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Author Topic: How do you sex a connector adapter?  (Read 4068 times)
KASSY
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Posts: 167




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« on: February 12, 2011, 04:06:34 PM »

I spent a brief time maintaining test equipment.  In that world, the "gender" of an adapter refers to the gender of the connectors that you're trying to mate up.  For instance, if my Elecraft K2 has an SO-239 female connector on it, and the cable from my antenna has a BNC male connector on it, then the correct adapter would be "BNC male to SO-239 female".

I went to a ham store last time I was over in the bay area and their adapters seemed backwardsly labeled.  The genders identified were the ones on the adapter itself, not what it was intended to connect together.  Online vendors which use both word descriptions and photos/drawings seem to switch between the methods.

Is there a standard?  I have, in the past, ordered things by description and got the photo instead...or ordered by photo and got the description instead.

Just curious....

-k
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N4NYY
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« Reply #1 on: February 12, 2011, 04:08:45 PM »

It is always the same as the anatomy.
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KASSY
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« Reply #2 on: February 12, 2011, 04:14:33 PM »

It is always the same as the anatomy.
The anatomy of the adapter itself, or the connector to which you attach it?
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W3LK
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« Reply #3 on: February 12, 2011, 04:17:37 PM »

It is always the same as the anatomy.
The anatomy of the adapter itself, or the connector to which you attach it?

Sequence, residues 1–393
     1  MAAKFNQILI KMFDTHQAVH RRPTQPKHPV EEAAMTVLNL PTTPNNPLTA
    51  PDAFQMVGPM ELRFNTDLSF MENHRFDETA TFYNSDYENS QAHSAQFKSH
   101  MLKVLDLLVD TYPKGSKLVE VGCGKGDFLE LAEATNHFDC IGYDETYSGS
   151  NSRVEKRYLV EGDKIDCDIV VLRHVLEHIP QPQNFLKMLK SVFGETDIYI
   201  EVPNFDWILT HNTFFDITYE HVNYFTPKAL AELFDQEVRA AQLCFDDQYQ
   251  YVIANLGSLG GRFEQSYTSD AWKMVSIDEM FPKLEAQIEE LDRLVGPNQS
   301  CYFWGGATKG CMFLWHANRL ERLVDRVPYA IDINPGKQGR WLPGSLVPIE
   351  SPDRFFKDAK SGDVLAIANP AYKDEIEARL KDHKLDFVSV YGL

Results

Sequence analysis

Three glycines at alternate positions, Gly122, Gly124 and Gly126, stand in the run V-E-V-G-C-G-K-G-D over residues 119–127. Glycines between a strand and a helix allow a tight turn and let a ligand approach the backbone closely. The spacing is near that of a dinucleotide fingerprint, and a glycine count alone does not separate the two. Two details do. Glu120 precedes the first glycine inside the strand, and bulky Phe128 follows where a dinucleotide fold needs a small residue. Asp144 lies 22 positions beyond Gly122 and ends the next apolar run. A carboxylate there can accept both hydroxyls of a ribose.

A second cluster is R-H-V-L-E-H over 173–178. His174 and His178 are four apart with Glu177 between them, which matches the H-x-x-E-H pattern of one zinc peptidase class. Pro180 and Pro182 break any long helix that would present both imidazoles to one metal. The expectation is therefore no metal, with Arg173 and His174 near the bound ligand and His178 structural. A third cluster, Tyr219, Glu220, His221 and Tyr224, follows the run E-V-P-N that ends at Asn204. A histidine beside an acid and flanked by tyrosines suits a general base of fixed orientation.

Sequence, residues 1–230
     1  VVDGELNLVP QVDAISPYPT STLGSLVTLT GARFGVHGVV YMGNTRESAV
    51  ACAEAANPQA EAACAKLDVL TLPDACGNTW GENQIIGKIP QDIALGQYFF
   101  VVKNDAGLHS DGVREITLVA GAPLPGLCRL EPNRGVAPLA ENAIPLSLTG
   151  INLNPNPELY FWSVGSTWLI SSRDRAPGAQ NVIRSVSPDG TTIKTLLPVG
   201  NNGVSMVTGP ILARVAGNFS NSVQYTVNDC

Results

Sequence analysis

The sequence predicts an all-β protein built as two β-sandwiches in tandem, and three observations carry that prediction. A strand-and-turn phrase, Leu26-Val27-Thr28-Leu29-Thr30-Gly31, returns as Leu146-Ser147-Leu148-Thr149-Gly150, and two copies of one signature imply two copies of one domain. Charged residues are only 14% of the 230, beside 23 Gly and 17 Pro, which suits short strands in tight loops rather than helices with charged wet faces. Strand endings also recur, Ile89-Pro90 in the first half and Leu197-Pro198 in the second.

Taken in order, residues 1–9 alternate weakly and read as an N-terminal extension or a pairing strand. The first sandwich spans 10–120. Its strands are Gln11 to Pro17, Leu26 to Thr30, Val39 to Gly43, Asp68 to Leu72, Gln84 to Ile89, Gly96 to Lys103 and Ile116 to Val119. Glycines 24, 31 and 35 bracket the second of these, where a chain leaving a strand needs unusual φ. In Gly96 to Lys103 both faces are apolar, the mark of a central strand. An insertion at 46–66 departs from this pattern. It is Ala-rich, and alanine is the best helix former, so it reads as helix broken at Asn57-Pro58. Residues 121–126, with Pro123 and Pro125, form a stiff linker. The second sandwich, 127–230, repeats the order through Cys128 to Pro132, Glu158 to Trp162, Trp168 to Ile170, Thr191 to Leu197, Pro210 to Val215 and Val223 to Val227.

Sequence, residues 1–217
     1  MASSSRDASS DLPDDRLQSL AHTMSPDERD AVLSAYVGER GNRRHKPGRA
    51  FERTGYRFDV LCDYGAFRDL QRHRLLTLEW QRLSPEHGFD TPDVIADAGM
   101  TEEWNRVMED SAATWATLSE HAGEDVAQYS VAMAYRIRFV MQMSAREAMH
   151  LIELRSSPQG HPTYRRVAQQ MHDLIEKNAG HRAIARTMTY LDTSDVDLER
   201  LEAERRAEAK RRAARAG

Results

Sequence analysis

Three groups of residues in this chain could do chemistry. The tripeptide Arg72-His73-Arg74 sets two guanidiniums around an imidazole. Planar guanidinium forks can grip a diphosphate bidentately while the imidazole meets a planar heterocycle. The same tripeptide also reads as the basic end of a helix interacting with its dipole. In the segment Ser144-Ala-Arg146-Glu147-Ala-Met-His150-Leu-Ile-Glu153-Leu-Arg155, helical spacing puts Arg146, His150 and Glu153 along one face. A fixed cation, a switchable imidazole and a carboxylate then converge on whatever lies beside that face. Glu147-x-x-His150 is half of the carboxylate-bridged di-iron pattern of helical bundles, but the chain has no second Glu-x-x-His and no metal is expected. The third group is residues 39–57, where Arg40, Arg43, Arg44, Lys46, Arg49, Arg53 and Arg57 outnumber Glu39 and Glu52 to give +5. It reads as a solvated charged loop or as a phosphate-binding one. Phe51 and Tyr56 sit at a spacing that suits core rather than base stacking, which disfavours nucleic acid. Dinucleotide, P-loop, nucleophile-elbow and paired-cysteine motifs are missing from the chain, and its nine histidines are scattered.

It depends upon which one you are talking about. Simply put, if either connector has a post in the middle it's male; if it has a hole in the middle, it's female - just like human anatomy. That's where the gender labels came from.
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KASSY
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« Reply #4 on: February 12, 2011, 04:30:30 PM »

It is always the same as the anatomy.
The anatomy of the adapter itself, or the connector to which you attach it?

It depends upon which one you are talking about. Simply put, if either connector has a post in the middle it's male; if it has a hole in the middle, it's female - just like human anatomy. That's where the gender labels came from.

Am I really asking this question so badly?

Yes, I understand, when staring at a connector, is it a boy or girl.  My radio has a girl on the rear panel.

My antenna has a BNC boy on the end of the cable.

What do you call the adapter that goes between?  A BNC male to SO-239 female?  That would be correct in the test equipment world.  However, in the ham magazines, that standard seems to be reversed.  Rather than describing the two connectors to which you're adapting, you describe the adapter itself.

Is the following photo a BNC female to UHF male, or a BNC male to UHF female?  In the pro world, it would be BNC male to UHF female, because those are the connectors that need an adapter between them.

http://www.testparts-store.com/product_images/g/237/RFA-8312__84148_zoom.jpg
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KE3WD
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« Reply #5 on: February 12, 2011, 04:55:31 PM »

Amateur or "Pro" - I have always known the description to apply to the actual adaptor inhand, not to the stuff it connects to.